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Quad City Herald
Brewster, Washington
May 28, 1998     Quad City Herald
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May 28, 1998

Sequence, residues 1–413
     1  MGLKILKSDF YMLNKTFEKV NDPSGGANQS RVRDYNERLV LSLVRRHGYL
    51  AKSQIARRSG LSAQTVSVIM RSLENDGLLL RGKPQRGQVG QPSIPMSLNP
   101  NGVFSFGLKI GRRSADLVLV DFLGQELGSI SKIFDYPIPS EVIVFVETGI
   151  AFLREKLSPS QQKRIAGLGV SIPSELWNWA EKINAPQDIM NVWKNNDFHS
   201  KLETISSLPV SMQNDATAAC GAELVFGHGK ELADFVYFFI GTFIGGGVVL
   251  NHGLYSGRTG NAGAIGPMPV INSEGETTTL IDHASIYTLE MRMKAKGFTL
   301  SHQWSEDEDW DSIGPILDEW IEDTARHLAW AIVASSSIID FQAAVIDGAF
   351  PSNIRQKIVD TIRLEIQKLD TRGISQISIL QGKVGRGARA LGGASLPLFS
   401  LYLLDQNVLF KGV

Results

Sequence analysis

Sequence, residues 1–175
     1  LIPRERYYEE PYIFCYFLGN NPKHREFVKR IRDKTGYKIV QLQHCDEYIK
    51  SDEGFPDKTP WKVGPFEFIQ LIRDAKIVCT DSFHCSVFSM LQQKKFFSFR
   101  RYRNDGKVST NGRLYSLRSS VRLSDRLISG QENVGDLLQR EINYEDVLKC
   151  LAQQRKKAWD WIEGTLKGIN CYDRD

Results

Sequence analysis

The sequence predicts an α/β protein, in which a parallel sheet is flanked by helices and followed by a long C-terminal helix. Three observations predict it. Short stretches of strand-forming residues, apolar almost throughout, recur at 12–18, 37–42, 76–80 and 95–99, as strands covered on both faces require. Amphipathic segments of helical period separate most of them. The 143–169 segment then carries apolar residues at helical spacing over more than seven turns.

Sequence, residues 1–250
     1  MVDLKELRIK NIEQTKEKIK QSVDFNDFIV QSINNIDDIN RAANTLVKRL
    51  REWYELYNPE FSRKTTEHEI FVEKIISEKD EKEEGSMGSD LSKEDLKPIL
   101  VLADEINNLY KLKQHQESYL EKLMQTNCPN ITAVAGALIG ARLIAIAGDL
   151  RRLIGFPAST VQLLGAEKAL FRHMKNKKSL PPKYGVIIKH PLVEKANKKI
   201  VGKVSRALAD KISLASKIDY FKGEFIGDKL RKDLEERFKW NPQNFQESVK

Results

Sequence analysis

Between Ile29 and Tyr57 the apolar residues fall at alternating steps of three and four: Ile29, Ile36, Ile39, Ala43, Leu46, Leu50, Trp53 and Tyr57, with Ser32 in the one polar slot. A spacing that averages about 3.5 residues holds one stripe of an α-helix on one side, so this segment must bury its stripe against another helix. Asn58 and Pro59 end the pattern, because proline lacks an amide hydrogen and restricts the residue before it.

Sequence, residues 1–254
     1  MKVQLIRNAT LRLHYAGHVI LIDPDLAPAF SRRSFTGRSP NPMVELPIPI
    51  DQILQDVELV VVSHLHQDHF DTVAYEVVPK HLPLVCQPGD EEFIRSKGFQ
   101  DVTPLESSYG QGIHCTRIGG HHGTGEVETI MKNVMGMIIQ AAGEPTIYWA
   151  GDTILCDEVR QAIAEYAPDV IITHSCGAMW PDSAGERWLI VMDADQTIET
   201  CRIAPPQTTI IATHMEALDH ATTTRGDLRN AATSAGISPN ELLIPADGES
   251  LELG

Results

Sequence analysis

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Michael Porter and Lupe Martinez receive Bridgeport Exellence in Education award ! / Cheryl Schweizer photo Mlchsel Porter has as much fun in second grade as his students. sunflower seeds on the carpel When he saw Martinez cleaning them up, he apologized, saying he hadn't been thinking. He helped clean up, and he didn't drop junk on the carpet after that incident. "They're kids. They're still in the learning process." (Of course, they also know they will be liable for detention if they get caught littering, he said.) Martinez said in his opinion part of the reason for the good attitude he sees at Bridgeport High School is the teaching stattand administrators. "The staff has a lot to do with it." The teachers are interested in and respect the kids, and in turn, they respect the teachers. "You have to respect in order to be respected," he said, and the teachers at Bridgeport High School know that. Lupe Martinez has lessons to teach the students as well. "I tell them, 'you try to do your best, and go further.'" He tries to do his best job, every day; "it's just the way YoU have to do your work." It was Martinez's desire to spend more time with his children that led him to give up a better-paying job in Michael Porter said teaching second grude is like having a room ful of children of his own. Guadelupe Martinez said his custodian's job is more enjoyable because of the teenagers at school. Porter and Martinez were named the 1998 Excellence in Education award winners for the Bridgeport School District. Porter said sometimes he is asked if he has children; "I say, 'of course. I have 20 ofthem.'"A teacher develops a relationship with each student--and once that relationship is established it grows throughout the school year. "It reallyislike having an extended family." He said one of the reasons he likes teaching second grade is the way his students are excited about school. "hey're happy to be here."The children are interested in new thingsm "their minds are like sponges"--and they are excited about what they learn, he said. "1 love second grade. These guys are great." Porter said one of the best things about teaching in Bridgeport is the relationship between the school and community. Parents and other district patrons attend many school functions; Porter said the parents of his students are very interested in their children's education. He said he loves to talk with them about their children. In addition to his classroom job, Porter is the grade school's technology troubleshooter---he is summoned when computers refuse to cooperate or even operate. He said the computer repairs and maintenance present a whole different kind of challenge, one that he likes. It does make his job more demanding, he said, but"l really get a lot of Support." The second grade teachers meet regularly to discuss their lessons and teaching strategies. "Also, we have an incredible principal." Porter and his wife Amy decided to apply for jobs in Bridgeport after meeting district superintendent Bob Allen at a career fair in Tacoma, Porter said. They are natives of a small town in Eugene, Oregon, in the rainy Willam ette Valley. Their first teaGhing jobs were in Molalla, near Salem. The move to Bridgeport was a major change, but "the only thing that was hard to get used to was the lack of rain." It's a move Porter doesn't regret. "I love Bridgeport school." He likes his students, the district staff, the community---even the school board members. "It's all terrific." Lupe Marlinez is the custodian at Bridgeport High School, and he said one of the best things about the job is the teenagers he meets at school. "I tell you, if they weren't here I'd move on," he said. But since they are there, "I wouldn't change this job unless I won the Lotto. I like to come to work more, becanseofthekids." Being around the teenagers is fun, he said. 'I think kids are great, because you know they will learn from a mistake if you work with them."Theevidence of this is the way the teenagers take care of Bridgeport High School. The high school building is very clean now, because the students keep it that way. But they weren't (and aren't) always careful about cleaning upafter themselves. Martinezrecounted an incident where a student dropped Chelan, he said. He was in management at Beebe Orchards in Chelan, supervising picking and thinning crews--but it was demanding and consumed a lot of his attention, he said. "Even when I was seeing them (his family), I was thinking about work." He decided the job wasn't worth it, he said."Money isn't everything. Being as much as you can to your family" is most important, he said. Martinez is a Bridgeport alumnus, in a way. "My pictme should Lupe Martinez have been over there---(class of) 1978," he said. But his parents returned to Mexico when he was a freshman, and eventually he dropped out of school there to go to work. Sometimes on the job he encountered con't on page 6 Ouad Cih/ Hlarald Idly la lflg8 patno Sam and Dezellem win 13re00vster Exc00 ,he lee in Edu(:ation award Edith Sattler and Raelynn Dezellem have been recognized as winners of the 1998 Excellence in Education award for the Brewster School District. Sattler is the Brewster Elementary School principal; she has announced her retirement, effective at the end of the school year. (See the May 14 issue of the Quad City Herald.) Dezellem, a nine year employee of the district, is a speech therapy assistant. That means she helps children who are having.trouble speaking clearly, as well as children who have difficulty with vocabulary and in form ing sentences. "I see preschoolers up through high school," she said. The children that come to her classroom at the end of the hall usually are having trouble talking, eitherbecause they can't form words properly or because they Rselynn Dezellem can't find the right words to say. Her younger pupils usually are having Irouble with their grammar and vocabulary, she said, while her older students usually have difficulty forming complex sentences, not only spoken but written. "If you can't write sentences, most of the time you can't formulate them orally, either." Currently she Works with about 55 children, she said. About one-third of them have what Dezellem called articulation problems, who are having trouble pronouncing words correctly. The remaining two-thirds are having difficulty with language. Dezellem does not determine the courses of therapy on her own; she works with a speech therapist. The combination of Brewster's relatively remote location and the high demand for such specialists statewide means Dezellem has worked with five different speech therapists in her nine years in the program. Her presence has provided continuity Edith Sattler for the children and an opportunity for her. It is really fun and rewarding to watch her students grow up, she said, In fact, some of her first students are in high school now. She works with children of all ages; "I don't get stagnant." The job is"always something new and different," she said, and that is one of the things that keeps it interesting. Different age levels demand different teaching methods; instead of using fiction writings as part of her curriculum for high school students, she uses the driver's license manual. The best part is when the lessons succeed. "It's always exciting to exit somebody." con't on page 6 REWSTER m Brewster High School Class / of 1998: Fernando Arebalo, Jayme Tupling, Judd Shepard, Eddie Buchmann, Carlos Mariscai, Pat Morris, Heath Brown, Joel Bennett, Troy Giicrest, Willie Jess, Eric Hammack, Edgar : Arellano, Liditze Villaglano, Maria Arzate, Nelly Arehalo, Maricruz Zabala, Starla ' Kleven, Autumn Miller, Traei Vranjes, Drew Becket', Lareasa Bowman, Elizabeth Rios, Pedro Cruz, Juan Sanchez, Colleen Eten, Yavonne Westland, Cynthia Glover, Rachel Cooper, Jeremy Vandelac. ,